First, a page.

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Distribution, phenology and long-term trends of Dunlin Calidris alpina in France

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Pages
23 – 32

Published
11 April 14

Authors
Pierrick Bocher, Sigrid Drouet, Roger Mahé, Sophie Le Drean-Quenec’hdu, Thierry Guyot, Emmanuel Caillot

Correspondence
Pierrick Bocher
pbocher@univ-lr.fr
Laboratory Littoral Environnement et Sociétés, UMR 7266 LIENSs, CNRS-University of La Rochelle, 2 rue Olympe de Gouges, 17000 La Rochelle, France

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The coasts of France are known as wintering and staging areas for Dunlin, but the function and importance of the sites at which they are found remains unclear, especially during migration. This study updates information on the numbers and the distribution of Dunlin in France using International Waterbird Census data (counts in January 1977–2013, organized by Wetlands International) and monthly counts carried out at the main sites during 2000–2012.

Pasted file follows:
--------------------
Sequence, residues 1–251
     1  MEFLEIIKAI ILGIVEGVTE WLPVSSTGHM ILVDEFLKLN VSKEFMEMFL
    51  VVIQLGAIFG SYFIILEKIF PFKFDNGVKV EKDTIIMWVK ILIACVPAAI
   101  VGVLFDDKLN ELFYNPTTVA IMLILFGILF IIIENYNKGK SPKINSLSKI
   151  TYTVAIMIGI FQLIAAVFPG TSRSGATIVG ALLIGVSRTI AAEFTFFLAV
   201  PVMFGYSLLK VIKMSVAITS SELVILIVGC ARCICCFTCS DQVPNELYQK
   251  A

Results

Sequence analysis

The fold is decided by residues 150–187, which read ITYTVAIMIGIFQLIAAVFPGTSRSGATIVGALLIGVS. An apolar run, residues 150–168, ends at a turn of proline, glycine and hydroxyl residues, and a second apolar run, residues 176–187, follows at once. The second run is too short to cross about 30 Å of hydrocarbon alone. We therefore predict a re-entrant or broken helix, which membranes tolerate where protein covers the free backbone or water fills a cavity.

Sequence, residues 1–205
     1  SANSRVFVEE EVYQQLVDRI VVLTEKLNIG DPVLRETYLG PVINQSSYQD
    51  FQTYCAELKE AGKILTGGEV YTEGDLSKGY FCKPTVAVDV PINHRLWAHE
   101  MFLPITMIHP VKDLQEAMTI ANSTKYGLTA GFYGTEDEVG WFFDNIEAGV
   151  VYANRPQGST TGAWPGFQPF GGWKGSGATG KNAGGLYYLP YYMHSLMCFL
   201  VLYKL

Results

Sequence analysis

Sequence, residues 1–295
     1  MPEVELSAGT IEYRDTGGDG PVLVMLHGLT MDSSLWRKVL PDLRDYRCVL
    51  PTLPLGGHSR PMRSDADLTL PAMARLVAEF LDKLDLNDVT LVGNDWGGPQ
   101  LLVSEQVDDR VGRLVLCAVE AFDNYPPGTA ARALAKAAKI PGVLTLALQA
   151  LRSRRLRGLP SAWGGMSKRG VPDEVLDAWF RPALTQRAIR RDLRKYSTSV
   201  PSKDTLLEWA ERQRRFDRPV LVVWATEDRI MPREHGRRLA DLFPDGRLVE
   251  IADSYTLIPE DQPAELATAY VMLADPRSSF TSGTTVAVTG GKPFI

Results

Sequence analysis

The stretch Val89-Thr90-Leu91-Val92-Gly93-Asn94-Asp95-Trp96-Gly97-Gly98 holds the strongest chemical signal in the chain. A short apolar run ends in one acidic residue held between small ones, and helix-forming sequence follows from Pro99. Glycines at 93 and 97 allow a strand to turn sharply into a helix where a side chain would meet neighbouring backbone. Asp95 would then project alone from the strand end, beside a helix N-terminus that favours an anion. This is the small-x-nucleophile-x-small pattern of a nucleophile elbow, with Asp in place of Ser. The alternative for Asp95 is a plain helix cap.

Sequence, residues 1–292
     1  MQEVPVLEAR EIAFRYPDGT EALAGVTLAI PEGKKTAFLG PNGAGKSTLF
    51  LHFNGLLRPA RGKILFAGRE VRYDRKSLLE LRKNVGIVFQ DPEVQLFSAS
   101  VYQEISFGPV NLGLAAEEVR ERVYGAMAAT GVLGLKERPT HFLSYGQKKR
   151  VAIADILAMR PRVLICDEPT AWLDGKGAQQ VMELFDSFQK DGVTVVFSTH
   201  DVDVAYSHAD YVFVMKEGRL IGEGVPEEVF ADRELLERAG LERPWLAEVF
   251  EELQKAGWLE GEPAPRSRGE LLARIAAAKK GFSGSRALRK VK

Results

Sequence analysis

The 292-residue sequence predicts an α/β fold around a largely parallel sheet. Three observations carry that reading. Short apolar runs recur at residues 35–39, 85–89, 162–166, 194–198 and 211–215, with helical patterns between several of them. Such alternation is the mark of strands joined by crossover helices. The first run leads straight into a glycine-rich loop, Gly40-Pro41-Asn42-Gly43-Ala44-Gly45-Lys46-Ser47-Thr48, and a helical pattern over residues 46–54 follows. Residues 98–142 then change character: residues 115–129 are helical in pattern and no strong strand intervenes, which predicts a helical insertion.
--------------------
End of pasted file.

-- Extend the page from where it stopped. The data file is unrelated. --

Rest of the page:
Over the past ten years, France has supported around 312,000 Dunlins in winter, which is about 23% of the wintering population of Europe. About a third were recorded at sites on the north coast (North Sea and Channel), while two-thirds were on the Atlantic coast. Numbers peaked in midwinter. The Mediterranean shore, where intertidal areas are limited, did not support many Dunlin in winter. At the national level the total number in midwinter has been more or less constant for the past 37 years, but with different trends on the Channel and Atlantic coasts. Importantly, around 50% of the midwinter population was concentrated at only eight sites. Most of the Dunlin that winter in France belong to the subspecies alpina which breeds in N Scandinavia and Russia, but significant numbers of migrant Greenlandic and Icelandic Dunlin (subspecies arctica and schinzii) occur on the central Atlantic coast in April or May. Patterns of autumn migration remained unclear. Information on the occurrence of subspecies or the different breeding populations is lacking; however, phenology at the main wintering and staging sites has varied substantially, suggesting that they are used by birds of different origin and/or age.